I am afraid of my lord the king:  he has assigned you food and drink, and if he were to see you looking miserable  compared with the other young men of your age, my head would be forfeit.

Then Daniel said to the attendant whom the master of the eunuchs had put in charge of Hananiah, Mishael, Azariah, and himself,

Submit us to the this test for ten days:  give us only vegetables to eat and water to drink; then compare our appearance with that of the young men who have lived on the kings’ food, and be guided in your treatment of us by what you see for yourself.

He agreed to this proposal and submitted them to this test.  At the end of the ten days they looked healthier and better nourished than any of the young men who had lived on the food from the king.  So the attendant took away the food assigned to them and the wine they were to drink, and gave them vegetables only.

To all four of these young men God gave knowledge, understanding of books, and learning of every kind, and Daniel had a gift for interpreting visions and dreams of very kind.  At the time appointed for the king for introducing the young men to court, the master of the eunuchs brought them into the presence of Nebuchadnezzar.  The king talked with them all, but found none of them to compare with Daniel, Hananiah, Mishael, and Azariah; so they entered the royal service.  Whenever the king consulted them on any matter, he found them ten times superior to all the magicians  and exorcists in his whole kingdom.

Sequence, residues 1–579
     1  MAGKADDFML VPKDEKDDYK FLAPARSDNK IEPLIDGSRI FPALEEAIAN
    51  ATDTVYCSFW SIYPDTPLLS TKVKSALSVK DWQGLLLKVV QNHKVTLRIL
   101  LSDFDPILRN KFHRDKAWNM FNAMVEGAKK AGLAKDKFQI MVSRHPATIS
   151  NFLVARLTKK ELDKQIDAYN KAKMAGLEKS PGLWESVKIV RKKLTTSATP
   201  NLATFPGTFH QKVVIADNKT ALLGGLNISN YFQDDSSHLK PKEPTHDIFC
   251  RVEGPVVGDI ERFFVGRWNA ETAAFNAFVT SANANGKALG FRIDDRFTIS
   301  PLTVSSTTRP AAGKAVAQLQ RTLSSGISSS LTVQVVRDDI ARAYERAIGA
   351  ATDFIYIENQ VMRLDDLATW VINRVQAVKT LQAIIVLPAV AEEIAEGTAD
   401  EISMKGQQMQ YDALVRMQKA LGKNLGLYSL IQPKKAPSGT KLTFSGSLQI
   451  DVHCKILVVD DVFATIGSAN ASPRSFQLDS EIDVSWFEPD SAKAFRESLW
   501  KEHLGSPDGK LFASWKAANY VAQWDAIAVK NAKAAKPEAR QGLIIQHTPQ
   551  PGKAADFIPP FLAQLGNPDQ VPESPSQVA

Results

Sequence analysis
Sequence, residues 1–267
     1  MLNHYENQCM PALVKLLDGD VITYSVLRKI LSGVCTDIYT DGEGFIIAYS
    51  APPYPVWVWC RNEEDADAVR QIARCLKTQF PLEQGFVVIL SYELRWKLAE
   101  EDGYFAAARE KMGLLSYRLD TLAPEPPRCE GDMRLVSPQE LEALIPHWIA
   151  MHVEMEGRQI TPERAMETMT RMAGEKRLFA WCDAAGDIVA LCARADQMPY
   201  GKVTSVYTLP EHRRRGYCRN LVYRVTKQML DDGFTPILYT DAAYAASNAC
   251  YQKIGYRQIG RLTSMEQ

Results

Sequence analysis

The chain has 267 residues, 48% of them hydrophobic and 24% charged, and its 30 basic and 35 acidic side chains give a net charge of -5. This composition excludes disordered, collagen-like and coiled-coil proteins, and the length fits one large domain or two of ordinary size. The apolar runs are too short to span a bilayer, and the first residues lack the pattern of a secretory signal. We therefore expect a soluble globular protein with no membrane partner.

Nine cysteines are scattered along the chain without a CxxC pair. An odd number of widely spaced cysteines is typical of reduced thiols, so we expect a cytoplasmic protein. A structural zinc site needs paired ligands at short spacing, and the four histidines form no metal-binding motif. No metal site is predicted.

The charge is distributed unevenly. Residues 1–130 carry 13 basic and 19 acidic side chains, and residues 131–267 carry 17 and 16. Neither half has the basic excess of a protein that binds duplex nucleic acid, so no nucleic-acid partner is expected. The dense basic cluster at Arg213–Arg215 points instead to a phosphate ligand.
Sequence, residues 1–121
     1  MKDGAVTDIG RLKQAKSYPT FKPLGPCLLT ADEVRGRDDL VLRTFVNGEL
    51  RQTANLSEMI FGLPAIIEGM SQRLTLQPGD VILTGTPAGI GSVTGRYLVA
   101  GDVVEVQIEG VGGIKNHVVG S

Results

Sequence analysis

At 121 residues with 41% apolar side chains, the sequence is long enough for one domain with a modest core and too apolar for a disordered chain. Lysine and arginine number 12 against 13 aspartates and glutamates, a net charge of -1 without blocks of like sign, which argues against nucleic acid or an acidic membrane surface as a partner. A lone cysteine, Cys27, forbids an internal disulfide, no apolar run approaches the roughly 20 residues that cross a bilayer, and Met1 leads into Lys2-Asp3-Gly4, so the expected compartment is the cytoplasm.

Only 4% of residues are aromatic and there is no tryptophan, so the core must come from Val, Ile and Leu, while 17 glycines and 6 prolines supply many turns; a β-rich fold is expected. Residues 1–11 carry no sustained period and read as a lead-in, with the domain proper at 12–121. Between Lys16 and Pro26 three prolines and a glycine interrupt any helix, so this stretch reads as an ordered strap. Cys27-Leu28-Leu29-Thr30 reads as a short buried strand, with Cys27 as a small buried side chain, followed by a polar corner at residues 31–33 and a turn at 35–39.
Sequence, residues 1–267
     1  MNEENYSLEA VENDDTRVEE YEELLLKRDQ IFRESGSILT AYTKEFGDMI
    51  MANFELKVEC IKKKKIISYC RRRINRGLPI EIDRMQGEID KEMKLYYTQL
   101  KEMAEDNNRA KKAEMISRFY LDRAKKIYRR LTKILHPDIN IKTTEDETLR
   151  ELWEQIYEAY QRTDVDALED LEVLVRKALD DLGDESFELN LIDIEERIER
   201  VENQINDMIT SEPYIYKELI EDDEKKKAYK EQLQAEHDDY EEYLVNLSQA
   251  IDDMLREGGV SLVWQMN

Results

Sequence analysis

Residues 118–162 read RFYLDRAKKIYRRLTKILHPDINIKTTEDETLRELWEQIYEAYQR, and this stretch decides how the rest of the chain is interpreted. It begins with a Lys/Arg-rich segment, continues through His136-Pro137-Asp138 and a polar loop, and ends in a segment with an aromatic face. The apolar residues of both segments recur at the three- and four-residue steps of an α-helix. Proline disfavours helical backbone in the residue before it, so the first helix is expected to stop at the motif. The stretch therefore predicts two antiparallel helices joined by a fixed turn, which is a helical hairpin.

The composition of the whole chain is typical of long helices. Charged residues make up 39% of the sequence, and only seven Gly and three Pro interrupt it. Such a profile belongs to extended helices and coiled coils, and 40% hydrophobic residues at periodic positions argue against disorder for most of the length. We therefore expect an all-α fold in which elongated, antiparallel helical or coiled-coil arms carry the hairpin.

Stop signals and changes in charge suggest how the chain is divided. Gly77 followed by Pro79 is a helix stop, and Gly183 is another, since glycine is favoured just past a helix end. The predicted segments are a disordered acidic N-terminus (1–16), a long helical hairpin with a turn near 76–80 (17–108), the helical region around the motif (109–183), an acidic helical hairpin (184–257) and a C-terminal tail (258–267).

THEN RESPONSE #1:

Canticle 13 (1979 Book of Common Prayer):

(Song of the Three Young Men 29-34 plus the Trinitarian formula)

Glory to you, Lord God of our fathers;

you are worthy of praise; glory to you.

Glory to you for the radiance of your holy Name;

we will praise you and highly exalt you for ever.

Glory to you in the splendor of your temple;

on the throne of your majesty, glory to you.

Glory to you, seated between the Cherubim;

we will praise you and highly exalt you for ever.

Glory to you, beholding the depths;

in the high vault of heaven, glory to you.

Glory to you, Father, Son, and Holy Spirit;

we will praise you and highly exalt you for ever.

OR RESPONSE #2: